Constitutional Places: Independence Hall and the home of the Supreme Court from 1791-1800

October 31st, 2012

Last week following my presentation at Drexel, I took a trip with my family to Independence Hall. Here are some photos of the place where our Republic began.

Independence Hall

This is the location of the signing of the Declaration of Independence and the Constitution of the United States.

Independence Hall

The Park Ranger said that they do not know where the furniture was actually arranged, so they took some liberties (pun intended!). Most of the furniture is either original, or from the time period.

It looks so much bigger in this the picture.

 The Supreme Court Chamber (1791-1800)

Next door to Independence Hall is the old City Hall, which served as the home of the  Supreme Court of the Unite States from 1791-1800.

Old City Hall, which served as the site of the U.S. Supreme Court from 1791-1800

The plaque outside reads: “In this building met the first Supreme Court of the United States at 1789-1800. Presided over by Chief Justices John Jay, John Rutledge, Oliver Elsworth.” 1791 you ask? Wasn’t the Judiciary Act signed in 1789?

The Supreme Court assembled for the first time under the leadership of Chief Justice Jay on February 1, 1790 in the Merchants Exchange Building in New York City (then the Capital of the United States). The next day, Justices Cushing and Blair were sworn in as Associate Justices. Justice Rutledge took the oath on February 15, 1790 and Justice Iredell took the oath on May 12, 1790. However there was no business to transact that year, so they did not decide any cases.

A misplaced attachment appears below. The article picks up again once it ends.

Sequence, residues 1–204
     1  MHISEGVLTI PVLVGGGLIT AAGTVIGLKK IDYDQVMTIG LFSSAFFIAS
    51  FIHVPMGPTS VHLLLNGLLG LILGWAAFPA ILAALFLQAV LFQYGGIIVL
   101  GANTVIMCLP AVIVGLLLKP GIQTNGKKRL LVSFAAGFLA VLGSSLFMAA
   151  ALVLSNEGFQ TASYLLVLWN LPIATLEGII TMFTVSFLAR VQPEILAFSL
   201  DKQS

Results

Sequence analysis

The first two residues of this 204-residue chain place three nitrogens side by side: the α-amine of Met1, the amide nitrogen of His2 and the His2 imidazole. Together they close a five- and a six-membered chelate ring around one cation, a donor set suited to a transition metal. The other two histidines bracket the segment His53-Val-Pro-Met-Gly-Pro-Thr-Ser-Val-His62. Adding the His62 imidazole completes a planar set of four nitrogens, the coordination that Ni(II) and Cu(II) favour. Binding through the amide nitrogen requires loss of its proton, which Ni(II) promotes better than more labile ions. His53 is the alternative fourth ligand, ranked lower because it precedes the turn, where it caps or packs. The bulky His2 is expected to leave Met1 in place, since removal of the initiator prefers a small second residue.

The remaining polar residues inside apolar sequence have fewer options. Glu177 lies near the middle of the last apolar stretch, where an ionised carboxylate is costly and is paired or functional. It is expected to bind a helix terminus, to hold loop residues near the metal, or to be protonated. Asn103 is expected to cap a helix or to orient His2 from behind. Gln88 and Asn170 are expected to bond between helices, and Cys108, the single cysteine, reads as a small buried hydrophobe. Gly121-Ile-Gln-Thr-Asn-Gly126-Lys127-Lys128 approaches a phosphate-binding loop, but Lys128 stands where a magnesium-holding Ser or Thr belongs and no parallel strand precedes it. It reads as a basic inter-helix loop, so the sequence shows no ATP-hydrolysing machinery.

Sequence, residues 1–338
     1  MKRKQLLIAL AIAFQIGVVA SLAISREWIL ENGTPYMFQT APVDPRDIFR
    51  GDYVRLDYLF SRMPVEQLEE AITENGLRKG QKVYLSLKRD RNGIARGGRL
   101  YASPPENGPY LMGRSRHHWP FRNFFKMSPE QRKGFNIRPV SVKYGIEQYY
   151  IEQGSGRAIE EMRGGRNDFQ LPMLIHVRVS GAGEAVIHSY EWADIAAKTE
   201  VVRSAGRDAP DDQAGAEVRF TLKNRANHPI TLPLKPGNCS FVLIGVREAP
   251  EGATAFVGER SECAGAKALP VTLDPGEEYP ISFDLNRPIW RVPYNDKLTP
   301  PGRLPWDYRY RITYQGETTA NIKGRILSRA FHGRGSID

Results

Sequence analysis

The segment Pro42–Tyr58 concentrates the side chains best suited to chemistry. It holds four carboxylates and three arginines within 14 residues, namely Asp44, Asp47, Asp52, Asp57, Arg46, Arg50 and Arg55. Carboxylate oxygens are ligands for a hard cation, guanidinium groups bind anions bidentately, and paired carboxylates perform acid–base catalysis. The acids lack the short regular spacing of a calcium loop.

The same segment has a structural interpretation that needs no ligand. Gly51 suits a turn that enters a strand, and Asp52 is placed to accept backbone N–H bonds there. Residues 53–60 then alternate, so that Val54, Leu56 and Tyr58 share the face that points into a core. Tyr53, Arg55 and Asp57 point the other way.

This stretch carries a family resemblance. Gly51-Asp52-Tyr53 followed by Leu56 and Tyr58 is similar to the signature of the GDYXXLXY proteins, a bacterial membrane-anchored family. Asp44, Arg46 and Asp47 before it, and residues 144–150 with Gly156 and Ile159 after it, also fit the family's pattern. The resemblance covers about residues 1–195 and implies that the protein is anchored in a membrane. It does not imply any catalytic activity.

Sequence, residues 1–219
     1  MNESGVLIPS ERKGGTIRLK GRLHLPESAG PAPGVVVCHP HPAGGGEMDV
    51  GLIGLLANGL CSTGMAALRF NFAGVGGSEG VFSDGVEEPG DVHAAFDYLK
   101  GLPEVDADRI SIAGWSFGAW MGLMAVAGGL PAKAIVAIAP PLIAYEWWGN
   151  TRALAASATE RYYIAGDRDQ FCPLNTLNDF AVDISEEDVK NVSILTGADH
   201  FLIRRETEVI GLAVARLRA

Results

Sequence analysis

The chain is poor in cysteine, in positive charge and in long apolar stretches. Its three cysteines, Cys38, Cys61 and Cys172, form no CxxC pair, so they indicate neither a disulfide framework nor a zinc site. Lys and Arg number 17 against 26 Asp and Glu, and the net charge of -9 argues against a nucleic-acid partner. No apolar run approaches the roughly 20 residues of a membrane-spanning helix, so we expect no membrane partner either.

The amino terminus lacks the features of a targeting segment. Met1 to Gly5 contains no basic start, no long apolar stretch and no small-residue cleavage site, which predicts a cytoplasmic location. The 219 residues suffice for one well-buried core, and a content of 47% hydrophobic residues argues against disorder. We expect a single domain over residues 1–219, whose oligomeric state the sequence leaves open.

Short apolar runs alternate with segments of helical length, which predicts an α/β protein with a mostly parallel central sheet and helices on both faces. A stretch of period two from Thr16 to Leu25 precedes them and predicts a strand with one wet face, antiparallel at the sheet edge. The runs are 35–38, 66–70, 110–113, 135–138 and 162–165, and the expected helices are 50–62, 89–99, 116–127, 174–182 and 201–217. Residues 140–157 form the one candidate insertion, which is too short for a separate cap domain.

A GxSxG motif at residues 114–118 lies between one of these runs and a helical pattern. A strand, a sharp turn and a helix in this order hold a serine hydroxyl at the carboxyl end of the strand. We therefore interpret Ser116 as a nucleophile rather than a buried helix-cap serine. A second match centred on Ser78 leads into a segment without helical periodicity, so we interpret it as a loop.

The first case argued before the Court was West v. Barnes, which occurred on August 2, 1791 in Philadelphia. Want to talk about a quick turnaround? The case was decided the next day on August 3, 1791! I guess they wanted to get started.

Dallas only offered an abbreviated summary of the opinion:

On the first day of the term, Bradford presented to the court, a writ, purporting to be a writ of error, issued out of the office of the clerk of the circuit court for Rhode Island district, directed to that court, and commanding a return of the judgment and proceedings rendered by them in this cause: And thereupon he moved for a rule, that the defendant rejoin to the errors assigned in this cause.Barnes, one of the defendants, (a counsellor of the court) objected to the validity of the writ, that it had issued out of the wrong office: and, after argument,THE COURT were unanimously of opinion, That writs of error to remove causes to this court from inferior courts, can regularly issue only from the clerk’s office of the court.Motion refused.

And this is the chamber such as Chisholm v. Georgia (argued 2/5/93, decided 2/19/93), Ware v. Hylton (argued 2/6/96, decided 3/7/96), and Calder v. Bull (argued 2/8/98, decided 8/8/98) were argued.

The chamber of the Supreme Court.

It is amazing to be in this same room.